Professor puts Confucius back in vogue
Since the publication of her enormously popular book on the teachings of Confucius late last year, Yu [Dan] has been racing from college lectures to book signings, TV appearances and speaking engagements. The public can't seem to get enough of this overnight sensation who has turned dusty old Confucian teachings into a Chinese version of "Chicken Soup for the Soul."
"I never expected this," [she said]..."In the 21st century, our value system is changing; people are faced with a lot of confusion and choices. The classics are not just fossils. They are a value system that can help us find answers to modern-day problems."
For more than 2,500 years, the Confucian doctrines of filial piety, moral righteousness and hierarchical relationships were the guiding principles of life and government in China and most of East Asia. Then the Communists came to power and Chairman Mao declared Confucianism counter-revolutionary and his Red Guards ransacked temples dedicated to the philosopher.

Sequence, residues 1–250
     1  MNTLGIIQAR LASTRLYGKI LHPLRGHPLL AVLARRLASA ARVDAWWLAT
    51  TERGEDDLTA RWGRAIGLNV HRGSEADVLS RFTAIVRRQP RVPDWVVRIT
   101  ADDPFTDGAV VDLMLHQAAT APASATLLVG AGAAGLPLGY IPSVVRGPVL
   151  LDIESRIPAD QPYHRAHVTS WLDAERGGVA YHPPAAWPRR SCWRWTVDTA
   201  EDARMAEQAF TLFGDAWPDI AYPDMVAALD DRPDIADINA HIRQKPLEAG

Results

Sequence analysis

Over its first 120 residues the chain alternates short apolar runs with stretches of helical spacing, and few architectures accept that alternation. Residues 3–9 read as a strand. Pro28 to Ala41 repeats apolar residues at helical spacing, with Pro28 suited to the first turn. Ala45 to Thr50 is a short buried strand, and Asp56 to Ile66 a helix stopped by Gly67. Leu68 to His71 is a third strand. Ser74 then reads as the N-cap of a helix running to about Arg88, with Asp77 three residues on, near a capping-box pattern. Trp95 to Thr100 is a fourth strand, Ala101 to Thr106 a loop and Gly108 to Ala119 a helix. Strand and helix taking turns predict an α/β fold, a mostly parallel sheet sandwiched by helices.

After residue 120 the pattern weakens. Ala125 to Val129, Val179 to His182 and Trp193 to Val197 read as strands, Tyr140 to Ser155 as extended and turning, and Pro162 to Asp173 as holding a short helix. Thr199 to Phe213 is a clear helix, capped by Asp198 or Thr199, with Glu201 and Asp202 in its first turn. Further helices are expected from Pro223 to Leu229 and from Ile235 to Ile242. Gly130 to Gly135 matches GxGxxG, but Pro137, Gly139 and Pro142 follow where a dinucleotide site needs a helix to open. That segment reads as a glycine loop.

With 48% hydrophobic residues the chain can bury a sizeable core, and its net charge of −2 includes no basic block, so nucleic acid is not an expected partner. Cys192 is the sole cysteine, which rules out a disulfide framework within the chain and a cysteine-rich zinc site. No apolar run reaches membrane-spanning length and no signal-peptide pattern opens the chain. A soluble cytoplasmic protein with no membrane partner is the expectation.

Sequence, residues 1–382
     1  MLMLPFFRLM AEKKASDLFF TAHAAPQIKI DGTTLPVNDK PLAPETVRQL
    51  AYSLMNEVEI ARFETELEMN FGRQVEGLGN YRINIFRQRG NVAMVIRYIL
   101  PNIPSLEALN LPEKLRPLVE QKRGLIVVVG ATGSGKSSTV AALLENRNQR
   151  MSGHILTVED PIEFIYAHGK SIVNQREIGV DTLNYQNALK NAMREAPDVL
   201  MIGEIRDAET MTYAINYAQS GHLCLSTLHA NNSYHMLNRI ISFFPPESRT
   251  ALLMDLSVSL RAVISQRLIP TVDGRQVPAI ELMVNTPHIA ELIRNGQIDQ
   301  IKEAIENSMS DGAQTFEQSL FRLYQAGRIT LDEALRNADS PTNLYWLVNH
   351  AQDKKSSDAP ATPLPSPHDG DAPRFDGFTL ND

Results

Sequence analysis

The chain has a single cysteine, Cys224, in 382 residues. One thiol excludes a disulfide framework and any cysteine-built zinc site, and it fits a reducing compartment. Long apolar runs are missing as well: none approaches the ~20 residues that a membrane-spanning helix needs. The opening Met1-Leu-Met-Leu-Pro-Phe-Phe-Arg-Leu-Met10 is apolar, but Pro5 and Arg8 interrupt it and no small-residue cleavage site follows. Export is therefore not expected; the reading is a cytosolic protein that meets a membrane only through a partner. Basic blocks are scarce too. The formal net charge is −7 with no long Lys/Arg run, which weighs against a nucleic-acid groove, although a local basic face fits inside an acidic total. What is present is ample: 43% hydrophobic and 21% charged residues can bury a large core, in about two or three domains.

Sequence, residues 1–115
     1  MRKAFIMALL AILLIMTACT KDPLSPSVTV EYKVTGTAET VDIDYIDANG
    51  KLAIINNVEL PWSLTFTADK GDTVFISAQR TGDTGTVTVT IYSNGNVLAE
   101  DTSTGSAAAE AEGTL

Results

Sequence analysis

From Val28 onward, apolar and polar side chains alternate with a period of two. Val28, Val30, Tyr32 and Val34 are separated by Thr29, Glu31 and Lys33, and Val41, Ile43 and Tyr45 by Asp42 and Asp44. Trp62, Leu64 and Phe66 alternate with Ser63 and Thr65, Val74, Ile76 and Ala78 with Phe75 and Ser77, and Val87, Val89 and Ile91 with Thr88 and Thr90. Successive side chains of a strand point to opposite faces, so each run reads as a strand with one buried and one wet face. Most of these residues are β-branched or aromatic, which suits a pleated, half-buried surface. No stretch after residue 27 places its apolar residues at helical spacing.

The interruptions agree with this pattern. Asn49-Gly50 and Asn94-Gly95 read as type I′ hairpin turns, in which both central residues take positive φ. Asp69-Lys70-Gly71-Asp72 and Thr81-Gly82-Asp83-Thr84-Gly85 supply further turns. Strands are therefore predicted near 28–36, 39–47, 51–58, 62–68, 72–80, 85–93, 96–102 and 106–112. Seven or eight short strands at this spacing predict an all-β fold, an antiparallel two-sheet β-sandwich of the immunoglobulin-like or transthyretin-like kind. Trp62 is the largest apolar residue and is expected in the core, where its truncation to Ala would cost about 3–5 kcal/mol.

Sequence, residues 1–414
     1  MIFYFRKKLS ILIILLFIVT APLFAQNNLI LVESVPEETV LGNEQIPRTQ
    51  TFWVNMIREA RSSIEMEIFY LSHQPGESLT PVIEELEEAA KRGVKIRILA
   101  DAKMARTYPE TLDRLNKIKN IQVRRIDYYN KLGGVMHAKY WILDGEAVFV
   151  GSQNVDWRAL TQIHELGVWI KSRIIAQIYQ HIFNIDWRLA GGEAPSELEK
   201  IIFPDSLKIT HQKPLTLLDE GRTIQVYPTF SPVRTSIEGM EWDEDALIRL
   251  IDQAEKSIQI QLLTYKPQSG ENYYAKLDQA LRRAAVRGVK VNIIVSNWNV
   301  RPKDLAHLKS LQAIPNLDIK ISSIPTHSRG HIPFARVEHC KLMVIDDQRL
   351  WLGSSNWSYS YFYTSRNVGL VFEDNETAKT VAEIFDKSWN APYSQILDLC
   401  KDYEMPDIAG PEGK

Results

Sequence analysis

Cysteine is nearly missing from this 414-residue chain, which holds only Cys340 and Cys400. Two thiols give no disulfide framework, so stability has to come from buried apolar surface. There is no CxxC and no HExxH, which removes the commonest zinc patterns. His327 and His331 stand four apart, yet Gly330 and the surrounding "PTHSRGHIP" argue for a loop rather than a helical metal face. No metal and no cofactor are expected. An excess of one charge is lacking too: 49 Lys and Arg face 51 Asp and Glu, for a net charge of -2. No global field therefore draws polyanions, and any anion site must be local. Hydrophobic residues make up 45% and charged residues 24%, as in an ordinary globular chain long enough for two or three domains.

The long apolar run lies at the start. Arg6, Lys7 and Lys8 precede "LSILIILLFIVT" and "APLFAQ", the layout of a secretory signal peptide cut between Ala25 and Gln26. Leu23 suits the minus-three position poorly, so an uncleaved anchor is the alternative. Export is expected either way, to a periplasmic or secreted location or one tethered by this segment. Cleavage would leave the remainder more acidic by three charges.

Today, China is charging ahead with dizzying economic growth and breathtaking social change. But many believe the world's most populous nation has lost its moral and spiritual anchor. Enter the wisdom of Kong Fuzi, or Master Kong, as Confucius is known in China —- interpreted by a woman.
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